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Being a target of persistent workplace aggression integrates into every aspect of one’s personal and professional life. It is difficult to explain how persistent workplace aggression overshadows everything that a target does, often making a target wear blinders to the effects.

Targets experience a wide range of physical health difficulties because of victimization. The impact of persistent workplace aggression on one’s health often starts out small and are attributed to routine effects from balancing work and households. Targets may experience sleep or eating issues. It can even exacerbate physical conditions that the target is diagnosed with.  Over time, the physical health consequences increase and can become significant.

The physical health issues are additional consequences the target deals with because of persistent workplace aggression.  This is a result of internalizing the overwhelming and regular abuse that they suffer at work. The lack of intervention from organizations re-victimizes targets which leads to additional physical responses for them. 

Many targets increase the use of their health insurance, visit their doctor more often, and have additional absences at work due to physical ailments. Many victims report a wide range of physical diagnoses none of which have been linked to workplace bullying. Again, this is because these diagnoses can often be attributed to other factors in a person’s life.

I have had many conversations with targets who have described the devastation to their health. Recently, my own experience with this reinforces the impact that persistent workplace aggression has on physical health. 

I have been diabetic for a long time and it has been under control from the start. During the past six months, I struggled with getting my blood sugar into the normal range and at the same time, the persistent workplace aggression I suffered intensified immensely. As this was happening, I was consumed with surviving and what was going on at work that I attributed the lack of control with been a long time diabetic and aging. Even though I study this issue, I failed to make any connections between work and health issues because I was could not see past the abuse.

Upon reflection, I now know that it was persistent workplace aggression that I was experiencing that influenced my health negatively.  I say this with a great deal of confidence because within two weeks of resigning, my blood sugar was under control and back to normal.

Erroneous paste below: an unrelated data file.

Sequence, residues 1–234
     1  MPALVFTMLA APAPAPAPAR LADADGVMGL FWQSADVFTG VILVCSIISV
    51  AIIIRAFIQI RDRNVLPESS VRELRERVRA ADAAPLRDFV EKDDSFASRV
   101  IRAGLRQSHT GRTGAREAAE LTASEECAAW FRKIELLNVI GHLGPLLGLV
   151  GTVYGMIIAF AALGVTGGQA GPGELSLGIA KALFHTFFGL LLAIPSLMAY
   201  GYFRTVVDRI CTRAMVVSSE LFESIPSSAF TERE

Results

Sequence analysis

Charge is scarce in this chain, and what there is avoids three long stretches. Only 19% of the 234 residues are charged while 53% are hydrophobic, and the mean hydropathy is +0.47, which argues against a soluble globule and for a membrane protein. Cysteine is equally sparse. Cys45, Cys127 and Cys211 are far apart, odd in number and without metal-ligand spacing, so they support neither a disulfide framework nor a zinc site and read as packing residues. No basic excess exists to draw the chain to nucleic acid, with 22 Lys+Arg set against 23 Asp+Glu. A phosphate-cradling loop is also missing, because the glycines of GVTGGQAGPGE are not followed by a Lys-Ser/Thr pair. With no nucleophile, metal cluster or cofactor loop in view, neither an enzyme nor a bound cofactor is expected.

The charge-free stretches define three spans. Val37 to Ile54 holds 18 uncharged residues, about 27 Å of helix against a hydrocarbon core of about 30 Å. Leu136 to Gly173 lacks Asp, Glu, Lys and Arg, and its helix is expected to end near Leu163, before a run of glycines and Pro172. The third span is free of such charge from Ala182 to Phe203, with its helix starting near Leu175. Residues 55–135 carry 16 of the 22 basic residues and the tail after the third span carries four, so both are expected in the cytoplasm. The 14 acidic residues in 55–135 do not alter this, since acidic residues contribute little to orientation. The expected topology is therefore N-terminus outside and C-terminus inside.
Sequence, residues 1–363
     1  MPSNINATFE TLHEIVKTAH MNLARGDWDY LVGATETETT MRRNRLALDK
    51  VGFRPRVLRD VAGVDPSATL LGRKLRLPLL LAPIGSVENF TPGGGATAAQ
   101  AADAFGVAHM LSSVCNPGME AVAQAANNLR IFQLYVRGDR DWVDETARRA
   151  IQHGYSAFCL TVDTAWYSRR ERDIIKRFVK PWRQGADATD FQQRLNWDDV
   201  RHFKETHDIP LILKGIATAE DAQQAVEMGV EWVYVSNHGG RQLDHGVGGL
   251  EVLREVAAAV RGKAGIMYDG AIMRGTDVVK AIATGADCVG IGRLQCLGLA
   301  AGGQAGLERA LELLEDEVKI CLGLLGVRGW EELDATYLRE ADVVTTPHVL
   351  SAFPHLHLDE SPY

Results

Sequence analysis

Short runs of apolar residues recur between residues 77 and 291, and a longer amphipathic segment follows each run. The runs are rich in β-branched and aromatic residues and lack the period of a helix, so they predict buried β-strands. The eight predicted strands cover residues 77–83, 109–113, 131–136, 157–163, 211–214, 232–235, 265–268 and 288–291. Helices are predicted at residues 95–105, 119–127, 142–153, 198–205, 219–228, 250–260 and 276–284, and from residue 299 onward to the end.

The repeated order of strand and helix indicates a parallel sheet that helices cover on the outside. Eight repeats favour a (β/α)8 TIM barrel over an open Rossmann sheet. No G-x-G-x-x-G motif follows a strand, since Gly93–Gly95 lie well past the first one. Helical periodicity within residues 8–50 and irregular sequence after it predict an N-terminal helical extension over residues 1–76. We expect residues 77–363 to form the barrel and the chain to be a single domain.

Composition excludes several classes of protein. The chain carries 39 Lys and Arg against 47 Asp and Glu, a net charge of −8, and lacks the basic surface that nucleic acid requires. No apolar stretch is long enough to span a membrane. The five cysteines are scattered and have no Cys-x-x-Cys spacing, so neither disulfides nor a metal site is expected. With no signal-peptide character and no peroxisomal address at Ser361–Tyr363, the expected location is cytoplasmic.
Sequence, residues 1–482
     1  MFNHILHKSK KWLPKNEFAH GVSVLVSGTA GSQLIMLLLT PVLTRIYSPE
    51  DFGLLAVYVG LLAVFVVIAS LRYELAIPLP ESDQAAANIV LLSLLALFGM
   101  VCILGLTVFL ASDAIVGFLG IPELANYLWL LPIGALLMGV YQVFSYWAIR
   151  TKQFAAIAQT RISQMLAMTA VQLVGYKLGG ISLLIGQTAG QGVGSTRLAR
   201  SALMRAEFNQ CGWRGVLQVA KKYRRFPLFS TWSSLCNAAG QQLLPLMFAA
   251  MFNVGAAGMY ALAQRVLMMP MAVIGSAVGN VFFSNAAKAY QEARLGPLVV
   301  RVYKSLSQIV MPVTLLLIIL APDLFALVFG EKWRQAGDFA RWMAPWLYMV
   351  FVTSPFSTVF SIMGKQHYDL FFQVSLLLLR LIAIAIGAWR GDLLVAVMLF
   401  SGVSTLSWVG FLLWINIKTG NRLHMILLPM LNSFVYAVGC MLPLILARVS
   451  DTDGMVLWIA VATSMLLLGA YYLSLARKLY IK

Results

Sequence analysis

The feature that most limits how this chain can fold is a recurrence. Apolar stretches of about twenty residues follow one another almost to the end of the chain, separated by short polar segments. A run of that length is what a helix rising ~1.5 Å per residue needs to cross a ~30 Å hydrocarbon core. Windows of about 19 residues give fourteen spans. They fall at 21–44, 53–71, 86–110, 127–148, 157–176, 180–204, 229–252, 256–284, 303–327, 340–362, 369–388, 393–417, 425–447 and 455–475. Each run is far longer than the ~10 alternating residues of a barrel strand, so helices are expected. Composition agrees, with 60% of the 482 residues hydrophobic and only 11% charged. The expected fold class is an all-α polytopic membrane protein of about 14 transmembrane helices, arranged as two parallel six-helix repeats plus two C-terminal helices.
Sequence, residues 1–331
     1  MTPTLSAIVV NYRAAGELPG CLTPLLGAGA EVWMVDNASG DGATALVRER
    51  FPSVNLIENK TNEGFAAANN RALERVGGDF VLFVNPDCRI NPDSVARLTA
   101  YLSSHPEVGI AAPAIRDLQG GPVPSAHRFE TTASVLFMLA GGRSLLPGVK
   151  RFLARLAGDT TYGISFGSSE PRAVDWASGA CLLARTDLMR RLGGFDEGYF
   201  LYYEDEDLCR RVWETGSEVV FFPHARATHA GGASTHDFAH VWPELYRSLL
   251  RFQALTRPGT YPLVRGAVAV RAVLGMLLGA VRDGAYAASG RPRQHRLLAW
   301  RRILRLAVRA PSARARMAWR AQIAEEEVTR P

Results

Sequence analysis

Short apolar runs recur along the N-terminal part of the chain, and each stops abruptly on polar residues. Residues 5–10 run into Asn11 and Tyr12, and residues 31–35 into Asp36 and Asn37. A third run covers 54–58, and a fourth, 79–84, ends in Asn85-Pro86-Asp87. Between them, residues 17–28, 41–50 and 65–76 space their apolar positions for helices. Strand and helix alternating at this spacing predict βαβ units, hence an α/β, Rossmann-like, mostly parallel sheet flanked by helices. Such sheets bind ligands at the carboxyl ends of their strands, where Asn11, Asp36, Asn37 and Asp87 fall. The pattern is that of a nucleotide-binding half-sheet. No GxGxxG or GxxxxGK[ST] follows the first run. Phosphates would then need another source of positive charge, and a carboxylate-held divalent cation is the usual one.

It is time that organizations make addressing persistent workplace aggression a priority since the consequences are so detrimental to targets.  It is no longer acceptable for organizations to ignore this issue.  It is just costing organizations and workers too much.  

If you or your organization are experiencing persistent workplace aggression, please contact me at jankircher@jankircher.com or (320) 309-2360. You can also visit my website at www.jankircher.com. Help is out there.



 
 
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The persistent workplace aggressive environment can turn almost anyone into an aggressor. So, we all need to be aware that aggressive workplaces can transform any worker into an aggressor.   However, some workers are at an increased risk and more susceptible to be persistent workplace aggressors. Identifying these indicators helps organizations better understand persistent workplace aggression and allows them to weed out possible aggressors before they hire them.

One of these markers that help identify a workplace aggressor starts when people are getting their education. Research shows that students who have faculty and internship advisors who are not role modeling good professional boundaries are more likely to mirror this bad behavior in the workplace. Unfortunately, these students tend learn that aggression is rewarded and they replicate this in the workplace.

Certain personality qualities also are red flags that help identify future persistent workplace aggressors. Two that are directly connected are self-reflection and blaming others.